13: The Story of the World's Most Popular Superstition

Front Cover
Running Press, 2004 - Body, Mind & Spirit - 212 pages
14 Reviews
13 brings together forgotten history and unknown facts about unlucky 13 to create the compelling story of the rise of a single belief. It is also a book about superstition in general — why people believe what they believe and why they stop believing when they do. 13 draws on history and the range of contemporary superstitions; in so doing, it touches on the fate of mythmaking in general.

13 answers the following questions, among others: When did the 13 superstition begin, and why? Why is Spain divided over whether Tuesday the 13th or Friday the 13th is the traditional unlucky 13th day? What other number superstitions exist in other cultures? Which is the only major hotel in New York City that has a 13th floor? What are the top three conspiracy theories about unlucky 13? What is the Thirteen Club, and why did it count three U.S. presidents among its members?
  

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Review: 13: The Story of the World's Most Notorious Superstition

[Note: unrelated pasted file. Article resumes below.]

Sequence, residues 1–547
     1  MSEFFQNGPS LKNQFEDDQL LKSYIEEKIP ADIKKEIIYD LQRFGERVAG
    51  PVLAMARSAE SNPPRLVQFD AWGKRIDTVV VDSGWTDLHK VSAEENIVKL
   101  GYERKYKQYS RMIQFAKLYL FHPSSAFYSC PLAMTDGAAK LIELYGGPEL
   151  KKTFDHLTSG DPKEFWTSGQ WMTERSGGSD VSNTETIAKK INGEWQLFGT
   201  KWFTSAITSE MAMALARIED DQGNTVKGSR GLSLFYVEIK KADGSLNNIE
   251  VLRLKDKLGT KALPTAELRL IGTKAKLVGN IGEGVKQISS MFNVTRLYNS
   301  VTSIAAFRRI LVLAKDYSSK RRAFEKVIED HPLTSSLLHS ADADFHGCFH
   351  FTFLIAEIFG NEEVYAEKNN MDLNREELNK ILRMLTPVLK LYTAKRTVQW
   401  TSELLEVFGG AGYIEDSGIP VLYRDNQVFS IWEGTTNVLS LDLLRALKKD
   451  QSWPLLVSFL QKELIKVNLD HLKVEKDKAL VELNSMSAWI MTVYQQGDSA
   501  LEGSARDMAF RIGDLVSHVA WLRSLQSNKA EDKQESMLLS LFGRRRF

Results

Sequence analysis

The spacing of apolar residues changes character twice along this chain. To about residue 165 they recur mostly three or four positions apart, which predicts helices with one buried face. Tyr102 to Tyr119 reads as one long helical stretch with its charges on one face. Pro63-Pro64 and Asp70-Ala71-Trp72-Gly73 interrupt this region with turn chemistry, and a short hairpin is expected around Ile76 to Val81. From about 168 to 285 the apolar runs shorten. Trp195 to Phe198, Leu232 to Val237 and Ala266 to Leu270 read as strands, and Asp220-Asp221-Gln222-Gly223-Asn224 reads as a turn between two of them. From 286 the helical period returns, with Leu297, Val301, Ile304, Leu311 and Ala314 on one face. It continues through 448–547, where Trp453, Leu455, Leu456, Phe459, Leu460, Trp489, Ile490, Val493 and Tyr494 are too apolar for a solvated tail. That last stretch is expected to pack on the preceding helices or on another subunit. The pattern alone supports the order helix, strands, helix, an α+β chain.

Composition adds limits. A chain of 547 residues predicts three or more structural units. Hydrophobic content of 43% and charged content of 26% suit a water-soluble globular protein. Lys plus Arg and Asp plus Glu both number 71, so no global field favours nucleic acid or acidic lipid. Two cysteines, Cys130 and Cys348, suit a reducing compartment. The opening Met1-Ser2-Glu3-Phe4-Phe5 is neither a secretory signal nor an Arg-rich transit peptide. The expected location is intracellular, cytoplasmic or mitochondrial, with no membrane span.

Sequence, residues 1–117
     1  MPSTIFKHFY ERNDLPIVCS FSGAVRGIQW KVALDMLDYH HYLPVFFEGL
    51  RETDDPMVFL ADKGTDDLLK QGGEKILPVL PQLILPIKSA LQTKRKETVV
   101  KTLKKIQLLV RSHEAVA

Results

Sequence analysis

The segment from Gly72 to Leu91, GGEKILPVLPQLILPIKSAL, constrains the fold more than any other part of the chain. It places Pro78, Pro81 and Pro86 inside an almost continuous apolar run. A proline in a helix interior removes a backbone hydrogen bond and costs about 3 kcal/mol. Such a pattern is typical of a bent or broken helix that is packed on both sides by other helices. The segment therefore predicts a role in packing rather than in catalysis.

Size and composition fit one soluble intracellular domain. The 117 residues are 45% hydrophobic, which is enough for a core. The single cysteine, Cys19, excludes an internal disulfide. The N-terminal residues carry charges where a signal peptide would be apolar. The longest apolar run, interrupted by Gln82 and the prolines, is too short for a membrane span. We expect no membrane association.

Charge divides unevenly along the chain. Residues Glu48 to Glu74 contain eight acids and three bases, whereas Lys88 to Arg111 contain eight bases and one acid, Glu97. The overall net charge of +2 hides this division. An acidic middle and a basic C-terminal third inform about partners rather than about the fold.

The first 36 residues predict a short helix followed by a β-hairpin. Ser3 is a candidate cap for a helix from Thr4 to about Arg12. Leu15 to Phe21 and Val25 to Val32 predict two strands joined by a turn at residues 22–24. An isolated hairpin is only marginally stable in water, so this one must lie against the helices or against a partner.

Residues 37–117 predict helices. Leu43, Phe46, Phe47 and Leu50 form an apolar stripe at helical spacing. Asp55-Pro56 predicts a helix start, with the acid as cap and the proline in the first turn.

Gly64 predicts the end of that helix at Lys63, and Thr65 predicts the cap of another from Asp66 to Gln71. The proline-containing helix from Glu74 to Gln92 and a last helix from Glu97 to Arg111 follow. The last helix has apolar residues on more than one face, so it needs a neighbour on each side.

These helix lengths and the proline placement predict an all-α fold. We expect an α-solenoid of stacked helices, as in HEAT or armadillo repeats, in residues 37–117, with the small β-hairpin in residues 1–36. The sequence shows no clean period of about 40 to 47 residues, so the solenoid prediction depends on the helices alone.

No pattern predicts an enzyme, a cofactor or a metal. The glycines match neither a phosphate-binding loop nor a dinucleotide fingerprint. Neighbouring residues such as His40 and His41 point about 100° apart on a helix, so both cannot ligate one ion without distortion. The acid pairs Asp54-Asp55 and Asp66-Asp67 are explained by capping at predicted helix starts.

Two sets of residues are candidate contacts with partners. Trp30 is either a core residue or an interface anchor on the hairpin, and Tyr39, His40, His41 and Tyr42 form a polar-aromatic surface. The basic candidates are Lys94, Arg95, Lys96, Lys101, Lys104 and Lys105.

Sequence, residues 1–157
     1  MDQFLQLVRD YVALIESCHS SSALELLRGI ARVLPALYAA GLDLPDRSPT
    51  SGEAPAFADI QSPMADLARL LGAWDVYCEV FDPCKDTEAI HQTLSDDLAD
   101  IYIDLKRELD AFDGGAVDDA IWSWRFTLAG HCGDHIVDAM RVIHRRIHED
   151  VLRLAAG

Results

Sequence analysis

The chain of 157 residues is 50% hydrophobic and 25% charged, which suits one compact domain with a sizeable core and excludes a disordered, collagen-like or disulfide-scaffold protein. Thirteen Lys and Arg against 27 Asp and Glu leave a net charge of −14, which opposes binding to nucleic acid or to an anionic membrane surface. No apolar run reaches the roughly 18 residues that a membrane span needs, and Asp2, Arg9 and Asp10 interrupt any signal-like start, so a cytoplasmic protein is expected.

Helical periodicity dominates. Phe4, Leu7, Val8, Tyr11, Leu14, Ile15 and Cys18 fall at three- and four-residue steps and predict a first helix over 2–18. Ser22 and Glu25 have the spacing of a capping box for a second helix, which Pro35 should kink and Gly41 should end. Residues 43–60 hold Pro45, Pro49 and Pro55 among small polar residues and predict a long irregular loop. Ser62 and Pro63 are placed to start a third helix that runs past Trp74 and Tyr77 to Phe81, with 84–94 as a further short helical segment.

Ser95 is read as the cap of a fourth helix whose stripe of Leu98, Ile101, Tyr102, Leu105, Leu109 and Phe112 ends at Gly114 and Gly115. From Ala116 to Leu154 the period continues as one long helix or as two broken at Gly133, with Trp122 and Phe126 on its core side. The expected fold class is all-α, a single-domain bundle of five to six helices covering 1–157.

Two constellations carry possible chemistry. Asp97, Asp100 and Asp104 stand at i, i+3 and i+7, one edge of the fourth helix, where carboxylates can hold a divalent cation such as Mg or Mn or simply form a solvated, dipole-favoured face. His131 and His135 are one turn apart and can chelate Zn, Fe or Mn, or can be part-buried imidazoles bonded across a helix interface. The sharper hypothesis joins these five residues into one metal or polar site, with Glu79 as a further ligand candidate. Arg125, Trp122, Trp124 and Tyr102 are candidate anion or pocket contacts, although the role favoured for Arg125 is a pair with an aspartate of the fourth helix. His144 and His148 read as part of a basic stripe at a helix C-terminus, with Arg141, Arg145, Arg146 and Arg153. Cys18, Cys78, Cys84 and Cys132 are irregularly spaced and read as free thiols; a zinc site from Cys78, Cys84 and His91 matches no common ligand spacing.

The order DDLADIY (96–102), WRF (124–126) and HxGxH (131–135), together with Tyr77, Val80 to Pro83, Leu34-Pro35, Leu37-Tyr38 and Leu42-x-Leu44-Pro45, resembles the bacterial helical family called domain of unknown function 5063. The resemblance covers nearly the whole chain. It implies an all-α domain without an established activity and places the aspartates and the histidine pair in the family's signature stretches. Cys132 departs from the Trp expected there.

User Review  - Jennifer Willson - Goodreads

Ive always been interested in Friday the 13th and thus book taught me a lot of history I didn't know about it. great read Read full review

Review: 13: The Story of the World's Most Notorious Superstition

User Review  - Goodreads

Ive always been interested in Friday the 13th and thus book taught me a lot of history I didn't know about it. great read Read full review

Contents

The Origins of Unlucky 13
35
The Sin of 13
63
Friday the 13th
79
The Missing 13
105
The Psychology of 13
121
Triskaidekaphobia Today
129
Triskaidekaphilia Today
139
CHAPTER IO Conspiratorial 13
151
13 Phobes Philes
163
Triskaidekaphobes Travel Guide
179
The Future of 13
191
Selected Bibliography
199
Acknowledgments
205
Copyright

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About the author (2004)

Nathaniel Lachenmeyer is also the author of The Origami Master", illustrated by Aki Sogabe, and Broken Beaks", illustrated by Robert R. Ingpen. He has also written nonfiction books for adults. The Boo! Book "is his first haunted book, and he lives in a not-haunted house outside of Atlanta.

Nicoletta Ceccoli studied at the State Institute of Art in Urbino, Italy. She was awarded a Silver Medal by the Society of Illustrators in New York, and won the Anderson Prize, honoring her as the best children's book illustrator in Italy. Nicoletta has illustrated many acclaimed picture books, including The Girl in the Castle Inside the Museum" and How the Robin Saved Spring". She lives in San Marino, Italy.

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